Googling species and how to find them

Ricardo Correia asks if considering synonyms is essential for digital data mining of species with multiple names?

Check out the full paper here

Human-nature interactions are going digital

In the past decade, access to the internet and other forms of digital technologies, such as smartphones and social media, has greatly increased across the world. As a result, more and more people are engaging with these technologies as they go about their daily lives. Activities such as shopping online for that special gift, rating a recently visited restaurant or writing a blog or social media post have become the norm in modern life. These actions generate digital information – a ‘digital footprint’ – detailing how we interact with, and perceive, the world around us.

Interestingly, this also applies to how we interact with our natural environment. Despite evidence that we are not spending as much time ‘in nature’ as in the past1, we are increasingly using technology to interact with the natural environment. Whether by engaging with mobile applications developed for nature enthusiasts (like eBird or iNaturalist), participating in dedicated forums or social media groups or simply posting online pictures of that nice bird that showed up in the garden, more and more of our interactions with nature are being digitally and publicly recorded. This impulse is not new – some of the earliest recorded expressions of human culture (Fig 1) include images of animals2. What is unique about the recent digital representations of human-nature interactions is the enormous volume of data generated, its widespread availability, and its global geographical range. Such representations clearly hold great potential to contribute towards a better understanding of how different people and cultures view, value and engage with nature.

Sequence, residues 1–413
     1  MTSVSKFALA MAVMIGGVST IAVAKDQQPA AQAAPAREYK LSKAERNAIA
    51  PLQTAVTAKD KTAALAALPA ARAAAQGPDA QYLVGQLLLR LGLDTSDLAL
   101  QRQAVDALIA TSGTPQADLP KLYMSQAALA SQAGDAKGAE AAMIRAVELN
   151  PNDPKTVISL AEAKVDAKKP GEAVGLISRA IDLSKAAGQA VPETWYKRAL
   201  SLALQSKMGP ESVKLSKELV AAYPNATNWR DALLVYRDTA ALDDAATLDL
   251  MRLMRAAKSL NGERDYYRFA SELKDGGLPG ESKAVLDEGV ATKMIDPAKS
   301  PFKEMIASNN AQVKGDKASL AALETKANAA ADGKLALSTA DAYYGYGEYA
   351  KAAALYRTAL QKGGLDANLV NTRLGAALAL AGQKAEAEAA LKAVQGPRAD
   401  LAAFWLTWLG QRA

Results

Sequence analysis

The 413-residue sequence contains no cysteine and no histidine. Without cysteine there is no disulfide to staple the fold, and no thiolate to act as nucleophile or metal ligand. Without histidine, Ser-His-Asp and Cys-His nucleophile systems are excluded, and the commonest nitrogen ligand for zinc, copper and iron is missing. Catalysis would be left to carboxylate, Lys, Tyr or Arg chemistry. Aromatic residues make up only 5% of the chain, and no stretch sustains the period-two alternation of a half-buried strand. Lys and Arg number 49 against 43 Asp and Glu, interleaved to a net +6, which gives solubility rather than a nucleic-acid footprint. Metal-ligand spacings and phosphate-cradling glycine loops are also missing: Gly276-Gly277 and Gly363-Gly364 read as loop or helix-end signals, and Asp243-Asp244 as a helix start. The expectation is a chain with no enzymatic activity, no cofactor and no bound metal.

Fig 1: Horse drawings in Chauvet cave, dated 30000-32000 years ago

What is unique about the recent digital representations of human-nature interactions is the enormous volume of data generated and its global geographical range. Such representations clearly hold great potential to contribute towards a better understanding of how different people and cultures view, value and engage with nature.